Your content is unashamedly biased, damaging and contrary to a nation struggling for unity. Your editorials are extremely flagrant and divisive...as are the cartoons chosen to berate and denigrate our leadership and our country.

Simply stated, the political bias of your organization and its liberal agenda supersede any hint of true journalism.

I have asked not to be gifted any more subscriptions and certainly will never pay to have your political agenda so blatantly shoved into my face in the future.

Linda Snyder

Mt. Hood-Parkdale

‘Useless fuss’

In reply to Eric Strid’s Letter to the Editor, “Footprints in the Air,” in the Hood River News on Feb. 27, I have some questions and comments: He writes, “Our climate emergency is worsening…” “Everyone needs to understand the severity and causes of and solutions to the climate emergency.”

He doesn’t define what the emergency is but seems to blame “pollutants,” “greenhouse gases,” and carbon dioxide (CO2). Greenhouse gases included CO2 (0.04 percent). Methane, nitrous oxide and water (95 percent); and greenhouses consist of only 2 percent of the atmosphere. This makes CO2 very minimum in concentration. Yet, CO2 seems to be chosen as the culprit.

According to various investigators, it also has minimal effect on the climate. Also, many other factors influence climate. The most consistent ones are the sun’s activity and complicated cycles of the oceans.

In the past, “We had both higher temps and an ice age at a time when CO2 emissions 10-times higher than they are today. There is no scientific proof that human emissions of CO2 are the dominant cause of the minor warming of the Earth’s atmosphere over the past 100 years…” (Patrick Moore, Greenpeace co-founder and ecologist).

High CO2 levels are good because they help to increase plant growth. I understand that this is used sometimes in nurseries to stimulate plant growth.

So, it appears that a great deal of fuss, cost, inconvenience and harm would be administered for a useless approach.

Donald Rose

Hood River

Editor’s note: Patrick Moore is not a credited founder of Greenpeace. A 2010 statement by the environmental group describes Moore’s relationship with the organization as “long-gone ties” and states that they have opposed his beliefs since the 1980s. Moore’s PhD is in forestry.

Support local theater

Local theater offers something for everyone this month — a children’s mystery at CCA, stagings from classic British literature at HRVHS and the Adult Center Theater, a rousing musical at Wy’east Performing Arts Center and a radio broadcast at Zion Lutheran Church, The Dalles. Local artists have spent hundreds of hours preparing for these performances to share their talents and timeless messages with Gorge-area communities. Please support our theater companies with your attendance and enjoy the magic they bring with the coming of spring.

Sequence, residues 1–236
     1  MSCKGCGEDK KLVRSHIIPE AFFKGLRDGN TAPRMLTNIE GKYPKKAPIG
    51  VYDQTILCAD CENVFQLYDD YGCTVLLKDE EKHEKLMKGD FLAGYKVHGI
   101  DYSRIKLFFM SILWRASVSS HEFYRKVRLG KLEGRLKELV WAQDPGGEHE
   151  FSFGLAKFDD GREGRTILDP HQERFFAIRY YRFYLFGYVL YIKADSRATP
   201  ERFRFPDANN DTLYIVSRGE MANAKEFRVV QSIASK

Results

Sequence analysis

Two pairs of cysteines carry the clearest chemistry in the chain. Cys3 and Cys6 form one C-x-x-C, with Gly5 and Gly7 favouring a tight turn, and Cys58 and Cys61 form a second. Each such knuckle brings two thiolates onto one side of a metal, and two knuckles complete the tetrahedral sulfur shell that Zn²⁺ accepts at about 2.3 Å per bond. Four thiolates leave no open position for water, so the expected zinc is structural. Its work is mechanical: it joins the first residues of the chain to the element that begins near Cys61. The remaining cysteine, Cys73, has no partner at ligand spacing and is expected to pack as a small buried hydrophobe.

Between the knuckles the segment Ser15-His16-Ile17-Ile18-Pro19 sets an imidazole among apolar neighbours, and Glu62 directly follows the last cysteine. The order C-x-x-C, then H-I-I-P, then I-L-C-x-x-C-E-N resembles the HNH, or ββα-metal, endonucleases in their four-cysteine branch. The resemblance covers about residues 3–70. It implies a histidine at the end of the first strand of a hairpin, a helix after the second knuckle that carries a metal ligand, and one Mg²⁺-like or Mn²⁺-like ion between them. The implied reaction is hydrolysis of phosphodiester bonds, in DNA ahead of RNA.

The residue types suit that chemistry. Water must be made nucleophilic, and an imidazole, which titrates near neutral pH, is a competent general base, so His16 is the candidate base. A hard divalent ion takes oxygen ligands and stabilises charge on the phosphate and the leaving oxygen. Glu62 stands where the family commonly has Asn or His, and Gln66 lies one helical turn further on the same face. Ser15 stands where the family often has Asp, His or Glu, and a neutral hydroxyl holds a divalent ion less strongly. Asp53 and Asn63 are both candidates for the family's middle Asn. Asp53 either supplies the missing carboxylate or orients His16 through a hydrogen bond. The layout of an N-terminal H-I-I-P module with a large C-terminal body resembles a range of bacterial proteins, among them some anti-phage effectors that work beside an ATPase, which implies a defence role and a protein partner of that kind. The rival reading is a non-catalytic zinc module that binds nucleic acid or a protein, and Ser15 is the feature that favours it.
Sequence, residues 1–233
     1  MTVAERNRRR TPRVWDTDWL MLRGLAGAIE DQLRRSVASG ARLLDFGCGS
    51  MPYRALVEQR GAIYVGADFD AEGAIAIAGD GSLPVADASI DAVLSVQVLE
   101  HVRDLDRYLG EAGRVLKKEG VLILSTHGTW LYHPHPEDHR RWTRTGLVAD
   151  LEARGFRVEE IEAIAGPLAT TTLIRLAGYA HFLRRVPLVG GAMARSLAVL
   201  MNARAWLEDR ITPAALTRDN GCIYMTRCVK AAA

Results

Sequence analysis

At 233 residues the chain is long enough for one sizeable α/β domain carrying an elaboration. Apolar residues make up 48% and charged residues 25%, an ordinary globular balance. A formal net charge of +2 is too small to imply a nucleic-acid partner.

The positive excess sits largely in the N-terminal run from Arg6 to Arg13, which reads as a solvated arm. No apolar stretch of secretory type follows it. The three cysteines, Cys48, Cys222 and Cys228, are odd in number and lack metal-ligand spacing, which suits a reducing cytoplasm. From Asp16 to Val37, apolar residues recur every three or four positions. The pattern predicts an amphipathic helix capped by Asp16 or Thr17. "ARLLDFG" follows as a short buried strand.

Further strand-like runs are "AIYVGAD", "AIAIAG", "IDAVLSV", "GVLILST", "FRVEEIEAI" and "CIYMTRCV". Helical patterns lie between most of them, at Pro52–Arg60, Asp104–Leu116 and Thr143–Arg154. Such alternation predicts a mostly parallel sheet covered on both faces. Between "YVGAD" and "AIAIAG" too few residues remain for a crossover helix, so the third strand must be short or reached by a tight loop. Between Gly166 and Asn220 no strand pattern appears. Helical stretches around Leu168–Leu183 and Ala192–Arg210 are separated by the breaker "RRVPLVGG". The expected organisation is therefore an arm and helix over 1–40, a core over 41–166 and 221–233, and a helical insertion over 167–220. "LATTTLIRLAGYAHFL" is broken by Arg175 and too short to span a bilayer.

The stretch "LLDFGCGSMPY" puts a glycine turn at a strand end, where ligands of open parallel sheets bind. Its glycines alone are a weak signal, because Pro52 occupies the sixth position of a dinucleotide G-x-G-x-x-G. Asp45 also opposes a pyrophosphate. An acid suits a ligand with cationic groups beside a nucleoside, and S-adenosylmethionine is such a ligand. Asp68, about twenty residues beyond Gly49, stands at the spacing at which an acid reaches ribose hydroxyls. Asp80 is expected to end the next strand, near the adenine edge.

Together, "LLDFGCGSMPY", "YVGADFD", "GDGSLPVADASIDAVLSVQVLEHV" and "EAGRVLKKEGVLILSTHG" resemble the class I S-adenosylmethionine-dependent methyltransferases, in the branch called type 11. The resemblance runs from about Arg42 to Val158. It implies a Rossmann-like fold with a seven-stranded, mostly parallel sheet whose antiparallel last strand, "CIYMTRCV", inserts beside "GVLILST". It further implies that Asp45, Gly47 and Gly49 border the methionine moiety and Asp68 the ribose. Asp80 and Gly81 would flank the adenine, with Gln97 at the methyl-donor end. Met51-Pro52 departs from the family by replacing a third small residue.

Lynda Dallman

Artistic director, Plays for Non-Profits


The Cold Snap of 2019. If you are a skier, I hope you are enjoying it. The snow banks on Highway 35 by Teacup Nordic are over the height of a car and the snow has stayed cold and squeaky underfoot, even in the sun. Get up there, either at Meadows or Teacup, while it remains cold.

I saw Mayor Paul Blackburn cross country skiing up there yesterday and appreciate his leadership both as the president of Teacup for the past 11 years and as our mayor for the last five. I know from my time on council that he runs an efficient meeting, works hard to find solutions and is a fair arbitrator, in addition to his outreach to the Latinx and indigenous First Nations communities.

Both he and Mosier Mayor Arlene Burns traveled to Salem on Feb. 7 to advocate for safer Oregon oil train laws. They were interviewed there by KATU TV. This Friday, both mayors attended a hearing in The Dalles of the Oregon Legislatures Joint Committee on Carbon Reduction and spoke in favor of taking a strong statewide stand on carbon pollution.

This committee has spent days and driven many miles to craft a bill that would drive greenhouse gas emissions down 80 percent below 1990 levels by 2050. Recently, they have traveled around the state, holding hearings. Ten Oregon senators and state representatives attended Friday’s three hour hearing, including Rep. Anna Williams, who received the loudest applause during the introductions and wore a sticker supporting the Clean Energy Jobs bill. Senator Michael Dembrow, co-chair of the committee, ran the meeting in a kind and respectful way, allowing everyone to voice their opinions.

A little more than half the testimony was in favor of the bill, including members of the Columbia Gorge Climate Action Network and Protect Oregon’s Progress, the Indivisible Group from The Dalles.

Peter Cornelison

Hood River